That leaves Victoria to do its own thing as it has no intention of joining up. Just as well, too. The GRNSW system is easily the most unfriendly service ever devised in racing. It voluminous fields lists and formguides are completely impractical to use while both those and the results pages are messy to print out and impossible to download effectively. In both cases, GRNSW had the bright idea of telling its computer to delete all box numbers on the way, apparently to ensure that thieves could not get hold of complete data. Customers are now common-rated with thieves.
Victoria has no such problems and offers a far more usable and better designed service for both. All its tracks offer plenty of sectional times, too. And, ironically, WA already had a superior service of its own, one which could well have become a national standard.
Overall, the NSW-based practice will end up with the major part of the code’s Australian operations constituting a major barrier to the development of new customers. How could this happen? It needs to be reversed urgently.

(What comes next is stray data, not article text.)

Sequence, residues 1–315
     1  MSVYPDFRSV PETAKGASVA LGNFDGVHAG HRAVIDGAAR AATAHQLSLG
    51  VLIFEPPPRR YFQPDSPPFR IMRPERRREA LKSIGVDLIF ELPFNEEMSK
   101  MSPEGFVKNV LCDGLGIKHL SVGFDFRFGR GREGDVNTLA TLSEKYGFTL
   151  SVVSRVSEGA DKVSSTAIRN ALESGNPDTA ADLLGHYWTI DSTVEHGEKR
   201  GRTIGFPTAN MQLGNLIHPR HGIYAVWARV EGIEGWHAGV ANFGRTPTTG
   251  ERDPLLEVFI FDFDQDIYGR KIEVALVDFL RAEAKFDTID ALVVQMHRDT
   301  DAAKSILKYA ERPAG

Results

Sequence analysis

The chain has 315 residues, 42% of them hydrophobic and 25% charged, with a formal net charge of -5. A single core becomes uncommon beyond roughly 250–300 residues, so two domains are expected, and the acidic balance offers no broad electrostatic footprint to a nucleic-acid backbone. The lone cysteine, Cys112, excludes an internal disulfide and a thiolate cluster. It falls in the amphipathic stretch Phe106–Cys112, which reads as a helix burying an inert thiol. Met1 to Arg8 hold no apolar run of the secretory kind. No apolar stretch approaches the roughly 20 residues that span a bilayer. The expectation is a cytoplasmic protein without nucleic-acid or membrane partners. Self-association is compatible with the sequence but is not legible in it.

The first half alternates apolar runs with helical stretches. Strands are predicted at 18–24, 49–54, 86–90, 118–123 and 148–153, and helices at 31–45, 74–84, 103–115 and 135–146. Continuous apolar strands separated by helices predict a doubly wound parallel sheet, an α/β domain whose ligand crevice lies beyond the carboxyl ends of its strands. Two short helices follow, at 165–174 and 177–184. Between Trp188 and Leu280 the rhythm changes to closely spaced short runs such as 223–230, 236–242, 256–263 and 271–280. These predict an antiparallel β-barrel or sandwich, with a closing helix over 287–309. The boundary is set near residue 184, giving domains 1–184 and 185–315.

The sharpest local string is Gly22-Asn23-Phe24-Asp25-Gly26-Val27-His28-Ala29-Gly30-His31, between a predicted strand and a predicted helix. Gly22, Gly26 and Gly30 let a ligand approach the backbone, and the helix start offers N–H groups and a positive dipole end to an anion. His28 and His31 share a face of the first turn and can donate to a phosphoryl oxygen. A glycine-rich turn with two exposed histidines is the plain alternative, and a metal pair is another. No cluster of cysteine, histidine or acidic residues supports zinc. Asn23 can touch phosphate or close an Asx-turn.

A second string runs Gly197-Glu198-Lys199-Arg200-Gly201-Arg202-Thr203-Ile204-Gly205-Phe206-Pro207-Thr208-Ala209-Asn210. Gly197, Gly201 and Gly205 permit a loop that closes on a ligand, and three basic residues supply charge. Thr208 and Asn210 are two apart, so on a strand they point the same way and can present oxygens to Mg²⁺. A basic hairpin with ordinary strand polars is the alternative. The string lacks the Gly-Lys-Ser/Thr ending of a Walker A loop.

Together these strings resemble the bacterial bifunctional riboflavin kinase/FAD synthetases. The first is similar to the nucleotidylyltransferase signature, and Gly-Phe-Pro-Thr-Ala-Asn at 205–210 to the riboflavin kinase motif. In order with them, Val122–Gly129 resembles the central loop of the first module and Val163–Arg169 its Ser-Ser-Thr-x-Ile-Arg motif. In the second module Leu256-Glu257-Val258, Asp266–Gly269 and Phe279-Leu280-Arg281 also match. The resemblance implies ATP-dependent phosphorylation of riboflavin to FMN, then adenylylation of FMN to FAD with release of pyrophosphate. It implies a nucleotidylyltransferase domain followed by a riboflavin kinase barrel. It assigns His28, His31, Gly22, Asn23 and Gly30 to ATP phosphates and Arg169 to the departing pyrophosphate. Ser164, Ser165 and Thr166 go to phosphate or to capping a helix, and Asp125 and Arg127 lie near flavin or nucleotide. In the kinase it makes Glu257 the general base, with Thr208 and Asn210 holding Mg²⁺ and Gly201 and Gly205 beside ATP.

LOW AND LOWER
Wentworth Park’s third meeting of the week has got under way under the “C” class banner, with lowered prize money and a sprinkling of 280m squibs’ races in each program.
No reason has ever been advanced for this venture. The GBOTA website is blank on this subject. Presumably, GRNSW and GBOTA cooked up a deal behind the scenes.
It is hard to see any positives coming out of it as the Monday meeting in town simply replaces a provincial one and is likely to attract no additional interest, except perhaps for trainers who want to give their charges some experience at headquarters.